Inglewood is getting ready for its neighbourhood renewal project, scheduled for 2019-2021. Renewal is a 3-year project to upgrade streets, sidewalks, and streetlights throughout older neighbourhoods in Edmonton.

More recently, the City renamed renewal to “Building Great Neighbourhoods.” The “Building Great Neighbourhoods” program can help a community address local needs and reinforce its character and identity. Additional projects can include city-owned lands and improvements.


Great NeighbourhoodsOn March 13, community groups¬† including the Inglewood Community League were invited to a “Stakeholder Outreach” workshop. This was the first step in the neighbourhood planning for our community.

On arrival, participants were asked to come up with 3 words that they thought expressed the idea of “A Great Neighbourhood.”

In smaller groups, participants were asked to brainstorm on their ideas for what Inglewood needs to be a great neighbourhood. The group came up with a wide range of ideas:

  • More crosswalks across major streets (111 Ave. and 124 St.)¬† and walkability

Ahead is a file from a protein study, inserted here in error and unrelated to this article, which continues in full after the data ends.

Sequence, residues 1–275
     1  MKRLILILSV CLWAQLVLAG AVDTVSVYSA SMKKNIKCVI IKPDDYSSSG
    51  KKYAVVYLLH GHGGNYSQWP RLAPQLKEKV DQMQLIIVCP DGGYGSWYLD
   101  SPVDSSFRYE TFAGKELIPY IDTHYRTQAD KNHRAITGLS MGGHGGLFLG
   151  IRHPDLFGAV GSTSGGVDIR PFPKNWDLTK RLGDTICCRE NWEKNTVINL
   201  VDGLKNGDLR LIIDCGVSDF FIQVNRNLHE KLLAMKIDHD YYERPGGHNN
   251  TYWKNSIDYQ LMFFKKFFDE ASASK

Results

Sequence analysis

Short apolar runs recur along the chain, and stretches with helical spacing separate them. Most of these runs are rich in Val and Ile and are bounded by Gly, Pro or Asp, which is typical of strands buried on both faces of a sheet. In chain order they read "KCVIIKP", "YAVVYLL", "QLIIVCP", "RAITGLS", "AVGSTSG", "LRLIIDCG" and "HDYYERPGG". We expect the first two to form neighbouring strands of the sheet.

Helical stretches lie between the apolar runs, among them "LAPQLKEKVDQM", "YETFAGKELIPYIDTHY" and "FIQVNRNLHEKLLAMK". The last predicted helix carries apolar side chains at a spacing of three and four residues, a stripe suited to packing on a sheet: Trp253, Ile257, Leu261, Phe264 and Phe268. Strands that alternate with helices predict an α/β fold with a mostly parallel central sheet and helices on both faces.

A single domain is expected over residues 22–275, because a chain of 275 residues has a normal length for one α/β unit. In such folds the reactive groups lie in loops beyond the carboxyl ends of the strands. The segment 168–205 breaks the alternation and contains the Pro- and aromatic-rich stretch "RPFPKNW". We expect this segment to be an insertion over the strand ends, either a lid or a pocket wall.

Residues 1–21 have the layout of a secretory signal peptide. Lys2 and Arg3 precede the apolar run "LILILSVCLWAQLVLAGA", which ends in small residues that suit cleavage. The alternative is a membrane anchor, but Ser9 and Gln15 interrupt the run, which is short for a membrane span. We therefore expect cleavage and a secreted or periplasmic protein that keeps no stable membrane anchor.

• Safety and crime prevention
  • More usable and versatile park space; not just green space but purposeful pocket parks (or parklets)
  • Emphasizing the historic nature of the neighbourhood
  • A more inclusive community that encourages people of different backgrounds and demographics to mingle and connect with each other
  • More common, public spaces in which people can congregate
  • Recycling the old trolley turnaround at 112 Ave. and 124 St. into some sort of useable public space–perhaps a plaza or “pop-up” business location
  • An opportunity to celebrate and affirm the First Nations history within the community. Many First Nations people settled in this neighbourhood due to the fact that the Charles Camsell Hospital was here.
  • Traffic routing needs to be considered, especially if the Camsell lands ever get redeveloped.

From this large list, groups tried to find three or four themes that they could affirm. These included:

  1. A need for common spaces such as event “plazas”, purposeful parkland, and public art;
  2. An affirmation of Inglewood’s history, including First Nations history; and
  3. A walkable, safe community and possibly more benches, table space, and seating.

At the end of the evening, Gilbert, the City’s contracted landscape architect turned the concepts and values that the groups had come up with into a visual representation of the emerging vision:

Vision drawings

The next step in the process will include a draft vision statement and other elements. Community workshops are scheduled for April 21 and 25, 2018. These are identical sessions and community members are encouraged to attend either of them.

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